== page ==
Commuter lights show down

A massive round up of lights to make you visible

The long winter nights are drawing in and that means one thing – you’re going to need lights to get to and from your destination safely. Visibility on the road the all-important concern here, but we also recognise it’s useful to be able to see on cycle paths or dingy country roads once dusk has fallen.

With that in mind, we’ve gathered together this year’s top commuting lights for a show down of epic proportions. Each round is grouped by price for the wallet conscious, while stand out efforts are highlighted at the end.

Prepare to be illuminated.

The bargain bin – lights for under £15

When we say bargain, we mean just that – not everyone wants a set of lights that cost as much as a child’s bike. So, which of these are deserving of your pocket money and which should be left to languish in the dark?

RSP LAA875| £6.99

Positives:

  • Good all-round visibility
  • Great light output

Negatives:

  • Sealing isn't great
  • Mounting isn't the most durable against tools

Max illumination time: 70 hours

Verdict: 

Decent but could use better weather protection  

Revolution Vision Ultraslim| £7.95

Positives:

  • Enough light to see by when riding slowly
  • Great visibility from acute angles

Negatives:

  • Sealing is poor

Max illumination time: 32 hours constant

Verdict:

Very good at  being seen and at a rather good price, too

Smart 5 LED Front| £7.99

Positives:

  • Well designed waterproof casing
  • Doubles as a reflector

Negatives:

  • Mounting isn't tool-free
  • Not enough light to see by

Max illumination time: 174 hours

Verdict:

For the money this is quite a good little 'be seen by' light

Cateye LD150F| £12.99

Positives:

  • Fast, tool-free installation
  • 'Press and hold' off switch prevents accidental deactivation
  • Great visibility

Negatives:

  • Not enough light to see by
  • Accidental activation is still possible  

Max illumination time: 84 hours flashing

Verdict:

Well made and well sealed, with good run times for its batteries 

Torch High Beamer| £14.99

Positives:

  • Flood-style light helps peripheral vision 
  • Sideways and rearwards light spill gives great visibility at all angles

Negatives:

  • Bracket isn't the best

Max illumination time: 21 hours 10 mins

Verdict:

The Torch High Beamer is a great all-rounder at a great price

The winner: 

The Revolution Vision UltraSlim: The amount of visibility the UltraSlim kicks out more than makes up for its weather-proofing – a problem that can be solved with some sealant tape. That it can also passably illuminate dark paths just goes to show how much value you're getting for under a tenner.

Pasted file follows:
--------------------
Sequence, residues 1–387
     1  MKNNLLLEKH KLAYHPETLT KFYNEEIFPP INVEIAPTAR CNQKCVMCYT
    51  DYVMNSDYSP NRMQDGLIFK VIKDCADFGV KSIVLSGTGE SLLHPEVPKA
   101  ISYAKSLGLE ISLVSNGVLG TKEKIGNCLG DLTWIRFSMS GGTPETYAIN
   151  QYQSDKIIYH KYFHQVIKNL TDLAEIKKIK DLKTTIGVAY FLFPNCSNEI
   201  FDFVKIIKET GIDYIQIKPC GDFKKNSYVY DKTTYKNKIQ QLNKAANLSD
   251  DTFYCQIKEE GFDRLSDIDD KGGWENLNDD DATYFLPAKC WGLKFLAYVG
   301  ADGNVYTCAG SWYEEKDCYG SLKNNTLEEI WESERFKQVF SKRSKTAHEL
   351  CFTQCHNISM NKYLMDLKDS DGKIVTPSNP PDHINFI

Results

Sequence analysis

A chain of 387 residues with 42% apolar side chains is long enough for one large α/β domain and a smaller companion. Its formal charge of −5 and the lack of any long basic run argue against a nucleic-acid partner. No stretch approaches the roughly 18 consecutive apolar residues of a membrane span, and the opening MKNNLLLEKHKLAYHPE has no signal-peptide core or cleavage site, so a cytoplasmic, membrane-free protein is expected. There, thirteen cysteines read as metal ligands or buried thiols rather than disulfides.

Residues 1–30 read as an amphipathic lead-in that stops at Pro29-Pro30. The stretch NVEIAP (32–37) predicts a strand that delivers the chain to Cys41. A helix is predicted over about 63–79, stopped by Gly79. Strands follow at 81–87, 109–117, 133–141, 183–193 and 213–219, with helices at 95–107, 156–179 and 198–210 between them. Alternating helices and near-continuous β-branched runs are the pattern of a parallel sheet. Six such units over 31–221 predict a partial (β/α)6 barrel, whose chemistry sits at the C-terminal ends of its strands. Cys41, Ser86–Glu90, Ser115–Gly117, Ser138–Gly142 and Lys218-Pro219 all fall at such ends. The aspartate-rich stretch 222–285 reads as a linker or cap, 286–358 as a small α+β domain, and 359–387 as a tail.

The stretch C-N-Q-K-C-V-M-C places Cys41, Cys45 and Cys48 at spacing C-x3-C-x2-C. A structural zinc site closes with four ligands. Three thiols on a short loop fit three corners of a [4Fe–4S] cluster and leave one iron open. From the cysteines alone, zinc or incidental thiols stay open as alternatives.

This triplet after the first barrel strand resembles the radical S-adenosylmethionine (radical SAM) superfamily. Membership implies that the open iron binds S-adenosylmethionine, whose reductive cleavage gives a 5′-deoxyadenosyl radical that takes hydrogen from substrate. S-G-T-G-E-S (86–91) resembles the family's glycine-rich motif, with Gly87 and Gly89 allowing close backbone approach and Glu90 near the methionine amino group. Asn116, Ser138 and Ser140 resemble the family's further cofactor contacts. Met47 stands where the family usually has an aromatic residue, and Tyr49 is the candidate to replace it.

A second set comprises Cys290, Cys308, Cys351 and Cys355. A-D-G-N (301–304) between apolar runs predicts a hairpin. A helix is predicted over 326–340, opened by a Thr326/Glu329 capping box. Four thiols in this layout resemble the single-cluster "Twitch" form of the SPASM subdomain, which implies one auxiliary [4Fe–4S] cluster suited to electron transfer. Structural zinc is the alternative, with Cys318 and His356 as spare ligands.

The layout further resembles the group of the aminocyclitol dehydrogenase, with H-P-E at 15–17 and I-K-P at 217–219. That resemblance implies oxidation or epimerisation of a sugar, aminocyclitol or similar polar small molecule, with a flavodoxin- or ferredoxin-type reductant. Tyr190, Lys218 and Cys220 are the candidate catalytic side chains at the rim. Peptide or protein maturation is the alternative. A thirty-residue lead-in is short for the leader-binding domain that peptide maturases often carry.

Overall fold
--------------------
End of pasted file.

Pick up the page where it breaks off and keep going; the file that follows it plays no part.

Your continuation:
The middle men – £15-50

Shying away from their low-cost brethren, these lights are usually made of sterner stuff. If style’s a concern on the way home, or you’ve got a hankering for a feature that the cheaper lights just can’t provide, then these are for you…

RSP LAA883| £15.99

Positives:

  • Light can be seen from a distance and plenty of angles
  • The beam is good enough to ride with

Negatives:

  • The sealing isn't perfect when dry

Max illumination time: 34 hours

Verdict:

This is an all-round top performer at a very attractive price

Smart Superflash 317R| £15.99

Positives:

  • Intense light output 
  • Flashing modes make you very visible

Negatives:

  • Flashing modes can be distracting when riding in a group

Max illumination time: just under 60 hours

Verdict:

Perfect for being antisocial when you've got someone all over your rear wheel. Makes you totally visible at all times

Cannondale Foresite| £16.99

Positives:

  • Part of a set (8LFR1), so you get a front light for your money  
  • One flashing mode is particularly eye catching

Negatives:

  • Light isn't the brightest

Max illumination time: not tested 

Verdict:

Really attracts attention to you and your bike, even though it's not the most luminous of the group

Smart Polaris II 5 LED| £19.99

Positives:

  • Beam is just strong enough to ride with
  • Decent all rounder with flashing and constant modes

Negatives:

  • Sealing and mount leave a little to be desired

Max illumination time: 23 hours

Verdict:

Not a bad little unit for the money, despite the fiddly mounting

S-Sun L121R| £19.99

Positives:

  • Fantastic all-round visibilty
  • Strong light can be seen from a distance

Negatives:

  • Takes an odd number of batteries (3xAAA) which can be awkward to use with rechargers

Max illumination time: Not tested

Verdict:

Despite the odd power requirements, this is a fantastic value light that's visible everywhere   

Cateye LD610-R| £19.99

Positives:

  • Press and hold switch prevents accidental blackouts
  • Flex-Tight mount will fit seatstays and seatposts of any diameter
  • Plenty of modes, including: a legal flashing mode, constant beam and two other flashing modes

Negatives:

  • Still possible to accidentally activate

Max illumination time: Just over 60 hours

Verdict: